Three for the weekend: Royals, Chiefs, and Charles Wheeler
The Kansas City Star
The idea was to have a goal, something tangible, something to motivate me to workout during the time of February and March where it’s so easy to stay in bed an extra hour because it’s cold outside or the game went late last night or both.
So I did a fair job of preparing for tomorrow’s Rock the Parkway, enough that I won’t require medical attention, but not enough that it won’t look ugly. Anyway, I’ve heard really good things about the race, so I am looking forward to it.
If you’re gonna be there, and see a floppy-haired asshat running fairly slow, say Hi.
I mentioned this on Twitter yesterday, but again: congratulations to Danny Boi and many others around Kansas City (including, in my mind, Jim Nutter) for helping former mayor Charles Wheeler stay in his home until July, when he and his wife can move into a duplex.
This story has roots in sports, because the attention started after Wheeler did a radio interview pegged around his appearance at the Royals home opener. Wheeler was also the mayor when the Royals first hosted the All-Star game in 1973. Crown Center, KCI and Worlds of Fun opened during his time as mayor. The downtown airport is named after him.
This is a touchy issue for some, because his house was set to be auctioned because Wheeler didn’t pay some $40,000 in back property taxes. Wheeler’s wife has taken sick.
However you stand on the specifics, it’s a very cool thing to see strangers come together to help a man who did so much for Kansas City.
Andy Reid and John Dorsey spoke to a group of sponsors yesterday, and Dorsey said they had it down to “four to six” candidates as the “best player available” in the upcoming draft. The Chiefs have the first overall pick, of course, and it’s always been my guess that they’d like to trade it but will be unable to get value.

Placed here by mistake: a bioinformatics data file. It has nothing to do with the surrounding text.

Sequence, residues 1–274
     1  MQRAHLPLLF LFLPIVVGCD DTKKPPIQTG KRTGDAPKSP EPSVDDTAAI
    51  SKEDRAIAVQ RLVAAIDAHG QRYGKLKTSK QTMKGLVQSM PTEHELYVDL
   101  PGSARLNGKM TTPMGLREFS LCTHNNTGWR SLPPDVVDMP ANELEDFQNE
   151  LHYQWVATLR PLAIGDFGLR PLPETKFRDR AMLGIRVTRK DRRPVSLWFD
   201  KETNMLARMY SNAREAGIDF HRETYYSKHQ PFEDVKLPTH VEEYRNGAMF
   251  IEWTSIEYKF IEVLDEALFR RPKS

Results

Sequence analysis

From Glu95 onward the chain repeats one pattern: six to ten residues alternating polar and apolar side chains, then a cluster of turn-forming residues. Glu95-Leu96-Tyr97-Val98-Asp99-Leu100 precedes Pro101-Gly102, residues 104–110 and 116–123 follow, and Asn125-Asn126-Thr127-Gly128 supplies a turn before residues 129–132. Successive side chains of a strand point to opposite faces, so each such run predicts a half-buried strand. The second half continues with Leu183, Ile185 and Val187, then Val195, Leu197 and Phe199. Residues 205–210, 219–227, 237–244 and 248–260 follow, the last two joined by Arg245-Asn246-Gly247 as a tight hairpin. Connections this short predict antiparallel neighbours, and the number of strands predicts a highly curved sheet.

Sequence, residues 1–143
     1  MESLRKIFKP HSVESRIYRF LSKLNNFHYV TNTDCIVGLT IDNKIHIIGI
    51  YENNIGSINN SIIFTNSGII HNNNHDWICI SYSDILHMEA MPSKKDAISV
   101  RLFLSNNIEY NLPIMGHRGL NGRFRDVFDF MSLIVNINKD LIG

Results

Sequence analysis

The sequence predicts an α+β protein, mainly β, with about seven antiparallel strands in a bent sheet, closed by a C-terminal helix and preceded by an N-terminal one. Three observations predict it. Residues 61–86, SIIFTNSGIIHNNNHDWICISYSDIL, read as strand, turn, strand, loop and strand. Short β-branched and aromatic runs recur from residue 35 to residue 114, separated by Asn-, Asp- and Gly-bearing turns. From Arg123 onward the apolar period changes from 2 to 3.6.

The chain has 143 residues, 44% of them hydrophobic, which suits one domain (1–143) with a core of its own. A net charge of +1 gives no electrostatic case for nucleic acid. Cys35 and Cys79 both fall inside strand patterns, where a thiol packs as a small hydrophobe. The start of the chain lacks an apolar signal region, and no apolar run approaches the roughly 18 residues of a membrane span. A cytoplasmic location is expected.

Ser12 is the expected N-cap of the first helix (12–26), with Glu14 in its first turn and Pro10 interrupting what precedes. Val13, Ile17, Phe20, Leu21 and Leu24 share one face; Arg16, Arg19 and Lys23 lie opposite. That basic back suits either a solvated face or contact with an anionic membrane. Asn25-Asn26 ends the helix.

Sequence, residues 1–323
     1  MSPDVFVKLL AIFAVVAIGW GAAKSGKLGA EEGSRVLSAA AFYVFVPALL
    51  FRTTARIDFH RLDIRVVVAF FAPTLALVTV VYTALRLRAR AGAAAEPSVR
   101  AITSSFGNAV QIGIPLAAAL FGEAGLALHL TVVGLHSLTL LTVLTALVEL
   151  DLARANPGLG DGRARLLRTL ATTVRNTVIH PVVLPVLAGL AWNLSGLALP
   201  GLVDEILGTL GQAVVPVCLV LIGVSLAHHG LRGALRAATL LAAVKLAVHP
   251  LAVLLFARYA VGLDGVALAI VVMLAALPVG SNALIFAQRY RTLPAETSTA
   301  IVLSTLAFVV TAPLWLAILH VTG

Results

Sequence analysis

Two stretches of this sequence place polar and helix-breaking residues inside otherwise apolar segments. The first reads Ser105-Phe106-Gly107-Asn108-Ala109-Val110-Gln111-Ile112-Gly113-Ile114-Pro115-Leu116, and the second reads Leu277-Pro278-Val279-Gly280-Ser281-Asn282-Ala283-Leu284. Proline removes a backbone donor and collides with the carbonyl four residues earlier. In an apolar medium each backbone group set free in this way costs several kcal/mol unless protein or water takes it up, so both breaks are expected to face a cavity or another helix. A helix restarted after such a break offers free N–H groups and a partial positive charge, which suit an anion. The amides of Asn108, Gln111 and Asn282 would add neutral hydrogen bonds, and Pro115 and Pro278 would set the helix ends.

Reid had a good line about the preparation, too: “Me and Dorse, our wives aren’t here yet, so we’re around each other all the time. It’s like college. Well, not really like college.”
Your first-place Royals are back in action tonight and it’s been talked about plenty, but worth repeating. The next 11 games should give us a much better hint of what these Royals are about than the first nine.
Not that a 6-3 start is meaningless, but the Royals now play four good teams in four different cities, an 11-game stretch they know will be used by many to determine whether the 2013 Royals will be different than 2012, 2011, 2010, 2009, 2008 … well, you get the point.
Toronto for three games this weekend, then two in Atlanta, three in Boston and three in Detroit. If the Royals win five or more, at least some of the well-earned skepticism will chip away.
For whatever it’s worth, I do think this team is different. It’s probably equal parts James Shields, a completely revamped rotation, and a group of position players coming of age and who believe in themselves.
I mentioned this in the column off the home opener, but Ned Yost said something really interesting:
“The most important thing that we have this year that we probably haven’t had in the past is a true confidence in each other,” Yost said.
Now, athletes and coaches constantly talk about how things now are so much better than those same things used to be. So this isn’t a complete head-turner. But I don’t know how often I’ve heard a manager essentially say his team didn’t used to have a true confidence in each other.
Ned spoke with a fair amount of detail there, things that really line up with what a lot of us who are around the team a fair amount picked up on: the hitters now have confidence in the pitchers.
There is no way to know exactly what that means, of course. I tend to think we make too much of “team chemistry,” but this isn’t a “team chemistry” thing as much as it’s a “team confidence” thing. Those are very different. Confidence is essential.